After today’s round of talks with mediators, Deputy Commissioner Bill Daly said no conclusion was reached with mediators, but the offer theNHL pulled off the table last Thursday was back there today. Free agent forward Brendan Morrison said that made things frustrating today.
“It wasn’t much of a decision,” Morrison said referring to the NHLPA refusing the NHL’s once-removed offer. He also shared with Tom Gulitti of Fire & Ice that the NHL is treating the current financial status the way they did when the league lost a full season in 2004-05.
“I never thought the issues were as big as they were back in 04-05. Apparently, I was wrong,” Morrison said. “I thought the gap would be closed much quicker, but it hasn’t come to fruition yet, so we have to keep working.”
Continuing to work is noble, but if the league is unwilling to negotiate off their last offer there’s not much work that can be done. Then it’s up to the players to decide if they want to take the offer or continue with this staring contest.
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Kyle Turris was far from an accomplished NHLer when he requested a trade out of the Coyotes organization. In fact, when he was dealt to the Senators in 2011, the third overall pick in the 2007 draft had just 46 points in 137 NHL games.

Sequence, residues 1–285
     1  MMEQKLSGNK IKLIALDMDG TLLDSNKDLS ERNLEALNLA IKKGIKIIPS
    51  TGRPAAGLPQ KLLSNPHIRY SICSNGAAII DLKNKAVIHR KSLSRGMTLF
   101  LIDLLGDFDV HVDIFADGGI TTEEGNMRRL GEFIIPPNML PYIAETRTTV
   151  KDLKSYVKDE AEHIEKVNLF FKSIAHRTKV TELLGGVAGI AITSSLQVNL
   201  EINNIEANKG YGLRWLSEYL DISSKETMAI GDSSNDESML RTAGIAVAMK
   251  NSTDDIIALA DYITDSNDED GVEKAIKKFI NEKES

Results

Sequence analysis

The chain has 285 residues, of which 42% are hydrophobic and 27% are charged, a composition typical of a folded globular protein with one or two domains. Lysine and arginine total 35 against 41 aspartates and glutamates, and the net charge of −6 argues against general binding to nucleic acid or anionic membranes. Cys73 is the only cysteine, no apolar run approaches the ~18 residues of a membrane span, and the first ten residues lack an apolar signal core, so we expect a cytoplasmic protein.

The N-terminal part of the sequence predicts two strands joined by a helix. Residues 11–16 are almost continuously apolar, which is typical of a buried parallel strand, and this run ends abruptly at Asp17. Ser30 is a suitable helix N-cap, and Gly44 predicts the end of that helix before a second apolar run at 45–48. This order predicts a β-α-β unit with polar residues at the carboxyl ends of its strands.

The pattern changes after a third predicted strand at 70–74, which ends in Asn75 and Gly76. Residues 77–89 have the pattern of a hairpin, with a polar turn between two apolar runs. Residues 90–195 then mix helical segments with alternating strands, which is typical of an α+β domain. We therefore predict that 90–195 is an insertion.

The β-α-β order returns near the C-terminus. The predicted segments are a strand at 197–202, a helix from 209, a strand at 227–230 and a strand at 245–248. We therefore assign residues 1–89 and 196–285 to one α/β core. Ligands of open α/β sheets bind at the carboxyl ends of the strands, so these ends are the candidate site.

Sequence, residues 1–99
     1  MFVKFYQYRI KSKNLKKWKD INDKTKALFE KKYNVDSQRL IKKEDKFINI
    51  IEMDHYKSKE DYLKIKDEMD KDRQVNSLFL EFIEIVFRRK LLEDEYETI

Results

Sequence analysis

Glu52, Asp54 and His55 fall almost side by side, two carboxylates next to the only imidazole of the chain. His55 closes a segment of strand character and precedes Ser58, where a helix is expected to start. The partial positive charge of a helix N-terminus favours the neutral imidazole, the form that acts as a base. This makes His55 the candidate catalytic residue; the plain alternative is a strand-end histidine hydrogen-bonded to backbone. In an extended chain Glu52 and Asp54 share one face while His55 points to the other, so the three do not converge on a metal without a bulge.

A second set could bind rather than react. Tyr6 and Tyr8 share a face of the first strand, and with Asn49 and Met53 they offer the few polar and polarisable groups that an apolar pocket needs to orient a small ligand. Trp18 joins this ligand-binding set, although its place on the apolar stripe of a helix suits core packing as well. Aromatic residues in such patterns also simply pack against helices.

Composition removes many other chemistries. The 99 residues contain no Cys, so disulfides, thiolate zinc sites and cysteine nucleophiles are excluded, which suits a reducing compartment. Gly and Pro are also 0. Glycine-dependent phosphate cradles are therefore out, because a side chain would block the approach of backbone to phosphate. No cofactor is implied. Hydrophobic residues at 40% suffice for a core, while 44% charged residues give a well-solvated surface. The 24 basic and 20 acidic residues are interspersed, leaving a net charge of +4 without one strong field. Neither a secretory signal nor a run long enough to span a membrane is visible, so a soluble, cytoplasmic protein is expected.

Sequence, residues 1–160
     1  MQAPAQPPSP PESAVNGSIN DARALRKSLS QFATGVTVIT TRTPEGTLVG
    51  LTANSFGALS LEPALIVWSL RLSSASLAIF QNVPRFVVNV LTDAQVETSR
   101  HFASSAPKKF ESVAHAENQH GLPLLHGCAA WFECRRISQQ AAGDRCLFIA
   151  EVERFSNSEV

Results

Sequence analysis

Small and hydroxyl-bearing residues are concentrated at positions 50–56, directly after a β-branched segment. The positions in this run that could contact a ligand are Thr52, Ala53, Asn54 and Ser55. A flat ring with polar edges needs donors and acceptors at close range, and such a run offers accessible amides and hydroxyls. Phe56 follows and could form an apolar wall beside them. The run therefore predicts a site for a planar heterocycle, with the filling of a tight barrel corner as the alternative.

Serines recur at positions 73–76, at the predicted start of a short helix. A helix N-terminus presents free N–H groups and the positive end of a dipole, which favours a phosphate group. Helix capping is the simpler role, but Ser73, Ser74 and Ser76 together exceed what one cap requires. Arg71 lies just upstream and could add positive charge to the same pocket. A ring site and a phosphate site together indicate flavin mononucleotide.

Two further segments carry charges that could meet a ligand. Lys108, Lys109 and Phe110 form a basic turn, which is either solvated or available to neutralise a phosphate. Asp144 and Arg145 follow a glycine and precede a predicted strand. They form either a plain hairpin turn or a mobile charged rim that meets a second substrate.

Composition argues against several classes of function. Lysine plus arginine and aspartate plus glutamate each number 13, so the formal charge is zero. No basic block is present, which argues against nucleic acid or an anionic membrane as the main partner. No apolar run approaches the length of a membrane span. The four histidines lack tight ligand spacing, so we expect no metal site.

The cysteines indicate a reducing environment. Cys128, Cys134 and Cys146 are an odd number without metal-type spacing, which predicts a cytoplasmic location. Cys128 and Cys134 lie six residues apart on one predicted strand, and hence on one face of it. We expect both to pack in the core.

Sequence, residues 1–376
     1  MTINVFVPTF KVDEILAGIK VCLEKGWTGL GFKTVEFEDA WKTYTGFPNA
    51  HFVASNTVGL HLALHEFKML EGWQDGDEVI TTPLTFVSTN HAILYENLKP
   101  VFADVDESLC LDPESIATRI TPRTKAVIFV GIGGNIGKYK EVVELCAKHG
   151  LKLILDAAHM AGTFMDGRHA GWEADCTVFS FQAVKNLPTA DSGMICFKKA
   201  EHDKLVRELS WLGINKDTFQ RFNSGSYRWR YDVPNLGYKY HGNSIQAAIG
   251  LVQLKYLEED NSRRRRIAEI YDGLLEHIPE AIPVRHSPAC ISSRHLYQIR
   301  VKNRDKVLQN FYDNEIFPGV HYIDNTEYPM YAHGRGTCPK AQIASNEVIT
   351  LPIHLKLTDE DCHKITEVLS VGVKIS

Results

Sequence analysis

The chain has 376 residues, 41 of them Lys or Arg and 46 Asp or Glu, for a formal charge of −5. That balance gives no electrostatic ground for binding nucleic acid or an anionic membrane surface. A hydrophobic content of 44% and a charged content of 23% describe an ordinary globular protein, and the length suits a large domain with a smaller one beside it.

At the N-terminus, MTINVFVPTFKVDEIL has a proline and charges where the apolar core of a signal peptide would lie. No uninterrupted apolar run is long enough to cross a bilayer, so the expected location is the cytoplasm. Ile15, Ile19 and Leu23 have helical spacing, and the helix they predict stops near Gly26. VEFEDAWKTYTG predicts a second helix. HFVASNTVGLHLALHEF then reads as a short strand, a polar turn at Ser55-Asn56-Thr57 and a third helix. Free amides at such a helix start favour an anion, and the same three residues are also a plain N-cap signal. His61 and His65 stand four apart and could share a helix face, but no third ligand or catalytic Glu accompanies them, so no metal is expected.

Since then, Turris has emerged as Ottawa’s top center, with the promise of a big payday in the summer of 2018 when his current $17.5 million deal expires and he becomes an unrestricted free agent.
It’s for that very reason that he can understand Jonathan Drouin‘s position with the Tampa Bay Lightning.
“It’s tough,” Turris told the Tampa Bay Times. “Everyone has mixed feelings, and especially not being an established player. Then people are doubting that you’re doing the right thing, you really have to have confidence in yourself and your ability to do it.”
Though Turris, now 26, took a “lot of heat from the media…and people within the organization” and recalls the time after his trade request was made public as a “tough, tough go,” he believes the opportunity he received with the Sens “saved” him.
As we’ve written in the past, you don’t have to agree with how Drouin is handling things — maybe it ends up hurting him; he still has a lot to prove — but there have been young players who have chosen similar paths, and it’s worked out well for them.
Drouin, by the way, has 40 points in 89 NHL games.